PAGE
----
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When 2020 rolled into 2021, somehow I wasn’t expecting things to get crazier. This, in hindsight, was absurd. Insanity begets insanity and although we’ve had a month full of insurrectionists, impeachment and the swearing-in of a new president, it’s near impossible to believe anyone had “GameStop bankrupts Wall Street” on their bingo card. Finally, a proper excuse to use my nascent business minor to analyze the world of digital culture. Don’t worry, I’ll explain the best my seven Ross credits allow me to. 

A viral source on Reddit explained this well here, so I’m extrapolating from that post. On Wall Street, there is something called a short. Essentially, a consumer would borrow a share of stock from a broker and then immediately sell it, gaining back say $5. Easy money, right? Well, they still owe the broker a new stock to replace the one they borrowed so they must use that $10 to buy a stock. In the best-case scenario, the price of the stocks would go down and the consumer would spend, say $3, and give it back to the broker. Thus, their capital gain would be the difference between the initial sale and new stock purchase. Ideally, one would do this with many stocks and get a much bigger profit than $2; in fact, there exist many funds and companies who rely on this type of stock trading to be profitable. And this is where the issue lies.

If, after selling a stock, the seemingly failing company’s profit happens to rise, then rather than gaining money, the short seller would lose money. If purchased on the larger scale, as many of these businesses do, that loss quickly rises to an incredible deficit. But this is rare. 

Imagine being a broker and buying a whole bunch of shorts for a company on the decline, such as GameStop. This seems like a sure bet, as the once-great video game giant has had a difficult time over the past few years and almost always seems close to bankruptcy. The plan is foolproof: Sell the initial stocks in bulk at a high price and buy them back in a few days when the stock is exponentially less. Doing this during a pandemic seems like an especially surefire way to make easy money. However, one thing these investors didn’t count on is that the people are pissed off at Wall Street. 

While most Americans are struggling, many without government support — save for a measly $600 stimulus check — Wall Street and billionaires have been raking in the dough. People have lost loved ones, small businesses have been forced to shutter and still, America’s 614 billionaires have collectively made $931 billion since March.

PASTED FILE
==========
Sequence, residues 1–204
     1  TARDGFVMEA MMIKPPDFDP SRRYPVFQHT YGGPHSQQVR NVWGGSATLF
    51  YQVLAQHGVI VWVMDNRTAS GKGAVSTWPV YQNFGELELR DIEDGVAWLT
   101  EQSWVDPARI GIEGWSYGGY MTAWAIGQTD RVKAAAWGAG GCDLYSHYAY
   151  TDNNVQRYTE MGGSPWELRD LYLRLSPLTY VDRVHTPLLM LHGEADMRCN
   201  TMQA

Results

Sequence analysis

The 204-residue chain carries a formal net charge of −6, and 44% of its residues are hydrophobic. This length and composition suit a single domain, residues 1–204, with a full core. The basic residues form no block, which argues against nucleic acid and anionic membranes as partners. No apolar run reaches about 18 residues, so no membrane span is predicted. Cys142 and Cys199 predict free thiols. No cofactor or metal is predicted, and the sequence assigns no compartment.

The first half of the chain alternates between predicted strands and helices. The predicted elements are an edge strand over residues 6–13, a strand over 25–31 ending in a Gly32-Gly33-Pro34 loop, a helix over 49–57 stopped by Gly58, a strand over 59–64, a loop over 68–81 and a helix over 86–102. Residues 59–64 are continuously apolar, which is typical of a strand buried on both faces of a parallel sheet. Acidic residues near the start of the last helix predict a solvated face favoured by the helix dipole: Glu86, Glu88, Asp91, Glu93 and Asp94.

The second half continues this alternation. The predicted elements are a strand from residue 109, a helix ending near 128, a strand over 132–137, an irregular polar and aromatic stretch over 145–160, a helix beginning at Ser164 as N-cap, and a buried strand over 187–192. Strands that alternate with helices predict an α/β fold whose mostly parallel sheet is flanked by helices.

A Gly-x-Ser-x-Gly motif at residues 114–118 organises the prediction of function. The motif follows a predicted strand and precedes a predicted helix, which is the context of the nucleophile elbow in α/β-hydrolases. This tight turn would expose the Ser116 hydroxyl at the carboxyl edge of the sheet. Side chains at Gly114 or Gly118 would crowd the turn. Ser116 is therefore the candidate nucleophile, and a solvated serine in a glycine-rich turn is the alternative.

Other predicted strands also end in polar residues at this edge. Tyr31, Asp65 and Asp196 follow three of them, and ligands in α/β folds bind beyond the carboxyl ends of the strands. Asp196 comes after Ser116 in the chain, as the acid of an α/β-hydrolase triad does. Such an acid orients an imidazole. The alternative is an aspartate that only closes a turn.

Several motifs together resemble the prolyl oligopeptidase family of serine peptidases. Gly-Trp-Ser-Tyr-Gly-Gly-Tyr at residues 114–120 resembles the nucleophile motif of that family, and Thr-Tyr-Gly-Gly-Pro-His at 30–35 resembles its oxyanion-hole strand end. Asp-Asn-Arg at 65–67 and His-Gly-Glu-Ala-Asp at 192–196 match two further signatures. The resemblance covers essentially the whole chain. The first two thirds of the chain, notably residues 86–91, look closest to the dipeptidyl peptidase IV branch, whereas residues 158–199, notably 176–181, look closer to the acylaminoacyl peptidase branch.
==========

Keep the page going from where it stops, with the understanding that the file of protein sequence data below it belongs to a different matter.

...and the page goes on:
So, it’s no surprise that a group of angry people gathered on the forum site Reddit to commiserate and complain about the crushing fist of capitalism together. The subreddit r/WallStreetBets, chock full of these angry people, decided that they were done letting Wall Street get away with making money while the rest of the country suffered. 

The subreddit took action, targeting short sellers of not only GameStop stock, but Blackberry, AMC and Nokia, too. If you were a tech company going downhill, then you were a prime target for short sellers to profit off of. The righteous subreddit declared they would purchase stock in failing companies such as these, which would raise the stock price far beyond what short sellers initially paid for, thus causing massive monetary loss. This is called a short squeeze. 

Suddenly, the firms and brokers for whom short selling is the cornerstone of their entire business existed on unstable ground. Debt amasses quickly, especially when multiple companies for which you own stock all rise exponentially at the same time. It soon became impossible for some of these companies to even think about getting out of debt, sometimes their losses exceeding the worth of the business itself. What was only a few days ago a stable, seemingly safe form of making money became a fatal blow. They do say one of the mortal sins is greed.

But what about these stocks that the Redditors invested in? Well, literally almost overnight the CEO of GameStop was a newfound multi-millionaire. Some sold the stocks when they felt the price was right, making hundreds to thousands of dollars. Stories were posted all over the subreddit and beyond about people using this newfound money to pay off student debt, pay for surgery for their animals or loved one or to help pay for groceries or their mortgage.